Today the world of cryptocurrency has its own special terminology that is often not very clear to newcomers. If you're one of those and if you happen to listen to experienced cryptocurrency traders, professional miners or blockchain specialists talking to each other you could only understand the adverbs and prepositions, while the rest might seem rather strange. In this article, The Coin Shark will help you understand an important thing every crypto-sailor should be aware of to start his journey over the ocean blockchain. And this is TXID of digital currency transactions. Today we will say what this letter represents, what is the function of TXID, how to find it and how to use it.
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- What is a cryptocurrency transaction and how is it performed?
- What is TXID and why is it necessary?
- How to use TXID?
- How to find TXID?
Everyone is certainly aware of what a transaction is. Money is sent from one account to another, that's how it is. If we talk about digital currencies, coins are transferred from one cryptocurrency portfolio to another. However, how are cryptocurrency transactions performed? What really happens behind the blockchain scene when the cryptocurrency is transferred? Good, transaction it is actually information about the transfer of resources. This information is recorded in the blocks of blockchain of a particular digital currency. Each block contains a & # 39; header and a list of transactions. The header includes transaction hashes, hashes of the block itself and hashes of the previous block. To become a valid part of the blockchain and to be written in the block, each transaction must be confirmed. The validity and correctness of each record are assured and, therefore, it is not possible to manipulate the information in the distributed blockchain database. The time spent for confirming the transactions is one of Bitcoin(And some other virtual currencies) problems. Initially, it was planned that cryptocurrency transfers would be instantaneous, but it soon became clear that, given the increasing number of users multiplied, transaction confirmation can take more and more time. Larger transactions and higher commission transactions set by the user are confirmed more quickly. Transactions are confirmed by miners when they create new blocks in blockchain by performing calculations to find the hash.
To put it simply, TXID is a transaction passport, a unique number that can be used to identify the current status of a given transaction, as well as to find out whether it was actually registered in blockchain or not. TXID (transaction ID) or transaction hash is assigned to each cryptocurrency transfer. In reality, cryptocurrency exists as recorded information. Digital coins do not exist physically, just like electronic money that is transferred between bank accounts. Therefore, sometimes it is very important to keep track of the status of that record.
TXID is assigned to a cryptocurrency transaction immediately when it joins the network and is its unique indicator. It is randomly generated and looks like a sequence of letters and numbers. The total TXID size is 64 characters.
The transaction receives its TXID automatically, and users usually do not even worry about this, unless there are some problems – their transaction is delayed, resources are not received, etc. In these cases it becomes necessary to check the status of the transaction, find out if it has been registered in the blockchain and confirmed or not.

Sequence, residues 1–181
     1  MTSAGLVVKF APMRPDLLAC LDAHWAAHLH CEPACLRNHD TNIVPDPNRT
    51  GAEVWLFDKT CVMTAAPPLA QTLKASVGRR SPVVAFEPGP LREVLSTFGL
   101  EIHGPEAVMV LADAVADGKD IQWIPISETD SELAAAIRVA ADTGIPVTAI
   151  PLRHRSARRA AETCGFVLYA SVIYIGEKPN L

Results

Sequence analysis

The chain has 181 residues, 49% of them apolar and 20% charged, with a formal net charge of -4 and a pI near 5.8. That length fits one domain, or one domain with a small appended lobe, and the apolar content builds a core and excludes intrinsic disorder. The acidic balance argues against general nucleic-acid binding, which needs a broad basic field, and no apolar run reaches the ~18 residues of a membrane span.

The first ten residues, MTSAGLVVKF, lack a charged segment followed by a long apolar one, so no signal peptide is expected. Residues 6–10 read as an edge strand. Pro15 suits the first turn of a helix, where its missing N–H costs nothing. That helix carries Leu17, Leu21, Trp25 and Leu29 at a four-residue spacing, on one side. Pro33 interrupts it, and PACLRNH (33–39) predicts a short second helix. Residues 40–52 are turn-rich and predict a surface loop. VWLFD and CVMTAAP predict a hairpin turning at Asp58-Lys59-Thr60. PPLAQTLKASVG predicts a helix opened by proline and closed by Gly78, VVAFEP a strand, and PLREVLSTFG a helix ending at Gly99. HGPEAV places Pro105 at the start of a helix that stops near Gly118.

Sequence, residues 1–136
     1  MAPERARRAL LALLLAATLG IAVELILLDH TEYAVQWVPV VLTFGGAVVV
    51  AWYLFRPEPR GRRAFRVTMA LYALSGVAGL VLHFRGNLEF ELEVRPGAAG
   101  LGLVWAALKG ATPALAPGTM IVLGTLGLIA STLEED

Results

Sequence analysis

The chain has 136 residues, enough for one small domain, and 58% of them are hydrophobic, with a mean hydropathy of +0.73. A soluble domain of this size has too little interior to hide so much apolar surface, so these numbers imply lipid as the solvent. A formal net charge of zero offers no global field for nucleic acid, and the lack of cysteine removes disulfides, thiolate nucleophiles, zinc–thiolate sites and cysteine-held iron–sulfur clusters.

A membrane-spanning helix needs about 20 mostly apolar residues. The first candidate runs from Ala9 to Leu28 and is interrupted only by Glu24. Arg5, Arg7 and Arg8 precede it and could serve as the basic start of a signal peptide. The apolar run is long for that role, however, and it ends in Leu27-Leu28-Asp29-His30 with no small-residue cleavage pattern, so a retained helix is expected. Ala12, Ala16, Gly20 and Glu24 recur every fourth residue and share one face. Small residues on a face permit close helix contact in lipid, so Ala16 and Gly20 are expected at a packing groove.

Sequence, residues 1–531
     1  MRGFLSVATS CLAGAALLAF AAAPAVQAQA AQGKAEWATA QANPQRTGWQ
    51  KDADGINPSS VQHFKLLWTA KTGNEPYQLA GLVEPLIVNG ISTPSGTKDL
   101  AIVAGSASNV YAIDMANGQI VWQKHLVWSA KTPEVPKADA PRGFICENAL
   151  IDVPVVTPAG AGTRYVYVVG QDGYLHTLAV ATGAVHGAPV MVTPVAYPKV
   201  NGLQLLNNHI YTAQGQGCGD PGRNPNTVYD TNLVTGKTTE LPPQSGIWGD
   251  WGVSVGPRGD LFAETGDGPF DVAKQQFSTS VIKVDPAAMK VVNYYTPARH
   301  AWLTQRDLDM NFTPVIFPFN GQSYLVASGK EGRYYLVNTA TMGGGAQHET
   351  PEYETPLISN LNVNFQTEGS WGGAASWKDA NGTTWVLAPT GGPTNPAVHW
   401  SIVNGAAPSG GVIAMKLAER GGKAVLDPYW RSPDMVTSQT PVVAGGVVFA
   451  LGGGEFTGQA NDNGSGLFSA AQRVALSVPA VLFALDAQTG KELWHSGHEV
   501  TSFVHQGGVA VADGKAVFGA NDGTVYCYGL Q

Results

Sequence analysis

You can use special services to monitor the status of the transaction. If you are interested in the bitcoin transaction, there is the service blockchain.com that can help you with its BTC blockchain explorer. To verify the Ethereum transaction, you can use Etherscan. In addition, there are also "multi-blockchain" services where you can find details on a number of cryptocurrency transfers and explore different blockchains. For example, SoChain can provide you with information on bitcoin transfers, Ethereum, Dash, Dogecoin, Zcash and Litecoin. Users simply enter a hash of the required transaction in the appropriate field and get the result.
TXID can be displayed immediately in a cryptocurrency portfolio when a particular transaction is performed by a user. Also, you can find TXID using the services mentioned above. To do this, you need the address of a sender's cryptocurrency wallet. For example, on blockchain.com it should be entered in the search box. The service will then show all the transactions sent by this particular address, starting with the most recent ones. TXID will be displayed in the gray box above the transfer information. In this way everyone can find all the information about each transaction recorded in blockchain.
In this screen you can view all the information on the transfer of 10 thousand BTC, performed in May 2010 by one of the first bitcoin developers Laszlo Hanyecz for the delivery of two pizzas. So it was very important for developers and the first cryptocurrency community to show that bitcoins can really be used as a means of payment.
So, TXID is an important and useful element of every cryptocurrency transaction. It is the unique identification number of each transfer that can help users to track transactions in the public blockchain and receive all the necessary information about them. Acceptance of private keys and data on holders of cryptocurrency portfolios, of course. Existing services offer easy access to the information stored in the blockchain of a particular digital currency and allow users to quickly read the blocks and find the required data.
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